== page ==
Staring @ the Sun, 109

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Ice, ice, Baby.

7/8/2023. I tried some low-tech cooling
to keep the camera below 50C this hot afternoon. That and selecting 16-bit capture (actually twelve, but anyway many more than eight) produced some pretty decent results with today's active Sun and reasonably steady air. I need to arrange a wick to guide meltwater away from where I do not want it. This kept things under 45C for at least 20 minutes.






sun 1


Sun 2


sun 3


All are 16-bit captures (OK, 12 probably, but more than 8), the best 250-400 frames from 2,000 frame clips. Do the "right click, view image" thing to see all the pixels. I'll set up the "click the pic" code eventually. Probably.


7/9/2023. I thought I was going to get the day off. Lots of rain this morning. Then very clear, decently steady skies in the afternoon (hence the reversed image orientation: telescope was on the opposite side of the mount). This is the best 750 frames of 2,000.



7/11/2023. That huge spot has almost reached the solar meridian, and the forecast for late morning was clear and very steady skies. Unfortunately, I got started an hour or so later. Just as I framed up the sunspot, clouds. When a large break in the clouds came along, the Sun was in the top of a tall pine (three weeks past the solstice is all it took!). And when the Sun cleared the pine, the computer's battery announced it had faded to a critical level. So, when everything did come together, seeing was good but not spectacularly good, and there were still clouds to dodge. I cannot for the life of me see very much difference in the next two photos. They were done back to back in consecutive gaps in scattered clouds, about 6ms exposures in Firecapture's 16-bit mode. One is the best 400 frames out of 2,000 and the other is the best 200 frames out of 700, a clip cut short by the intrusion of clouds. I'm not saying which is which. Try more experiments along these lines to see if this is peculiar to today's conditions. Maybe "16-bit" clips really don't need to be so long. Maybe lots of things.



another spot

7/12/2023. The humongous spot passed the solar meridian today and this morning I was ready for it. I was up early watching an auction in London, so had no problem being ready for imaging at the earliest possible moment. There was some minor but spectacular flaring going on elsewhere, so I tried a couple of renditions of that. The big guy is the best 750 frames from 3,000 and the other views are the best 250 from 2,000.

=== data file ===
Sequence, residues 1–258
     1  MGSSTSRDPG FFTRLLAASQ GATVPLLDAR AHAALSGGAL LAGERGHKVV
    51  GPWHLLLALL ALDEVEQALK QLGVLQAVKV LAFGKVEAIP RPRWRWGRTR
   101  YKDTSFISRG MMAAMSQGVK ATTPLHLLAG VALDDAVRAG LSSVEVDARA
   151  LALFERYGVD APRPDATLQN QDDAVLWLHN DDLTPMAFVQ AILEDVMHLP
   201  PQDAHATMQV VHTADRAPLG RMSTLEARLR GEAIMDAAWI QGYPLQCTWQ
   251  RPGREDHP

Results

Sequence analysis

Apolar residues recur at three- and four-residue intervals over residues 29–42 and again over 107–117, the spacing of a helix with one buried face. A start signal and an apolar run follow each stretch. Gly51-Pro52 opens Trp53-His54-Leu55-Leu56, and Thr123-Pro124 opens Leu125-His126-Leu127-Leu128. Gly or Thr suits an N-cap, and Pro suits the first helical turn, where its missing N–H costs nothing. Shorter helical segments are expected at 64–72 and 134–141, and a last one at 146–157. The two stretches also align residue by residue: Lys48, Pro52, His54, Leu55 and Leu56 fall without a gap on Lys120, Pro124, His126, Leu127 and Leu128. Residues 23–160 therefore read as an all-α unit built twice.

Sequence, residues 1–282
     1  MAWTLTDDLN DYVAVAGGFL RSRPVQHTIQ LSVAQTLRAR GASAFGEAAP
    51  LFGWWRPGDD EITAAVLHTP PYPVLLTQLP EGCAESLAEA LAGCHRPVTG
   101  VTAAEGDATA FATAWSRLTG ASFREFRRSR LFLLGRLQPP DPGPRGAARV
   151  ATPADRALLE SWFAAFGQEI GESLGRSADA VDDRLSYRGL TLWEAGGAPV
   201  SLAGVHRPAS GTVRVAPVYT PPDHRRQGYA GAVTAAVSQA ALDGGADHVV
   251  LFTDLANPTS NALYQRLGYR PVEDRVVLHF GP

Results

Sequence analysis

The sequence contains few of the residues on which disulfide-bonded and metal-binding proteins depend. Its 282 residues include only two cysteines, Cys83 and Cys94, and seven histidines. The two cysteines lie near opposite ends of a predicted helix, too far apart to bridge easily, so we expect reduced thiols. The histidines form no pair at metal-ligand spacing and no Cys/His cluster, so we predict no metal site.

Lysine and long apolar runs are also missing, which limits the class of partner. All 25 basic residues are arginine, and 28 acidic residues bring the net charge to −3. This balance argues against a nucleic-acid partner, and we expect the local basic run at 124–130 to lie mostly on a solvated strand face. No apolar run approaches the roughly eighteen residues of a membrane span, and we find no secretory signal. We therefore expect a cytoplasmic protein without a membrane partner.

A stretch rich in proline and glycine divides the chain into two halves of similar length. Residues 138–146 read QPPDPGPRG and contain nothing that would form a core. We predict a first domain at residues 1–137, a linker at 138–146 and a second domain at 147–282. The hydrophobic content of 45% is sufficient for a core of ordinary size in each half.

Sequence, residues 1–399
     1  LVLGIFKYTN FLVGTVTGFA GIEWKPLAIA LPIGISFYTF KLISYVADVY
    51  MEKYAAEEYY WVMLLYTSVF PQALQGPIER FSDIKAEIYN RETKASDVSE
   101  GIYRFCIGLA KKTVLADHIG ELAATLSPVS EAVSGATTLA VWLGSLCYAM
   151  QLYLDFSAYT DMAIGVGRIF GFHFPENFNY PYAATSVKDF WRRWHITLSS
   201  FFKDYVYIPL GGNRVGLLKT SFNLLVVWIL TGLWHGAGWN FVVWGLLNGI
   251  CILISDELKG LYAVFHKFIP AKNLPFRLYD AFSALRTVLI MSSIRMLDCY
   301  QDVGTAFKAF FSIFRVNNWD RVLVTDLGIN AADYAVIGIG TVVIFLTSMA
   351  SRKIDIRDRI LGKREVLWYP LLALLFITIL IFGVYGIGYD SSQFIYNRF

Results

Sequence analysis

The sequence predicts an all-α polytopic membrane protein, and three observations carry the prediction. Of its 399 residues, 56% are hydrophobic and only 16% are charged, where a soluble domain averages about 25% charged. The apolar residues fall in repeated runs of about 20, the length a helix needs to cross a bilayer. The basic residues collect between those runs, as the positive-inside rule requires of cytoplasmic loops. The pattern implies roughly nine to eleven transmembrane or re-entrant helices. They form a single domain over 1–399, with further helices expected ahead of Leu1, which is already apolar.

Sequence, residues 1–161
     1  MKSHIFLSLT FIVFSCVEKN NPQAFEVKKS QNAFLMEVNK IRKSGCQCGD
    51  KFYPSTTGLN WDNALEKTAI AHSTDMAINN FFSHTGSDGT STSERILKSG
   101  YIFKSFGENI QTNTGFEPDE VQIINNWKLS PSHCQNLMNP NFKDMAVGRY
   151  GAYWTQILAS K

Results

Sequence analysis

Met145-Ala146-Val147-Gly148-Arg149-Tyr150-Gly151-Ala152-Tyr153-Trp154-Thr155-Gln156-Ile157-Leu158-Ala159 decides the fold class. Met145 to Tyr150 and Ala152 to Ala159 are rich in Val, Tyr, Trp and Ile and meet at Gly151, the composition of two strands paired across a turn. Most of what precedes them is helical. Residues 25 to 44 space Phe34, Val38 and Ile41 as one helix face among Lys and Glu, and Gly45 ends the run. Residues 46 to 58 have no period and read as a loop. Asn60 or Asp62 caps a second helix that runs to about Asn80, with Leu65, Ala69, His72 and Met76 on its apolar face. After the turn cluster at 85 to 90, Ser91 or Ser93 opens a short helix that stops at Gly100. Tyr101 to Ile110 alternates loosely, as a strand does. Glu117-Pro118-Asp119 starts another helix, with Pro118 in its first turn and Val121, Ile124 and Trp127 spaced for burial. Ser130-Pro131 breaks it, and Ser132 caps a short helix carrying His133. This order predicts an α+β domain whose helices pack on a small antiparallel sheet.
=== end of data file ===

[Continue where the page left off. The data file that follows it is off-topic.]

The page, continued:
big 1






7/13/2023. No photos today. I was messing with a 50mm finder I modified for a short-focus guider to try full-disk imaging (actually more like half-disk, but still...). It may work, but focus will need some patient tweaking under a better sky, and I will need to stop it down to about 25mm to get a useful light cone for the Quark. In native form, it's only about F18 at the etalon. I could see only large broadband features on the Sun. The image was unclear and the bandwidth obviously quite broad. Let's say the resuls of the first tries were not good enough to be very encouraging, but they were not bad enough to be hopeless, either. More after I try the aperture stop...



My solar images beginning in June 2023 are made using a Daystar Quark Chromosphere filter on a TMB92SS refractor. A 2" Baader 7nm Ha filter and an A-P dielectric diagonal provide extra IR protection. The camera (~2021 et seq) is a ZWO ASI178MM chosen for its tiny pixels and fast capture rate. It is notorious for a nasty pattern noise which can be avoided with careful exposure or removed using FFT-based processing. I capture data using FireCapture, stack using AS!3, deconvolve and perform initial histogram adjustments using IMPPG, and polish in Photoshop. The solar kit is mounted on a Skywatcher Star Adventurer "tracking platform."


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                   © 2023, David Cortner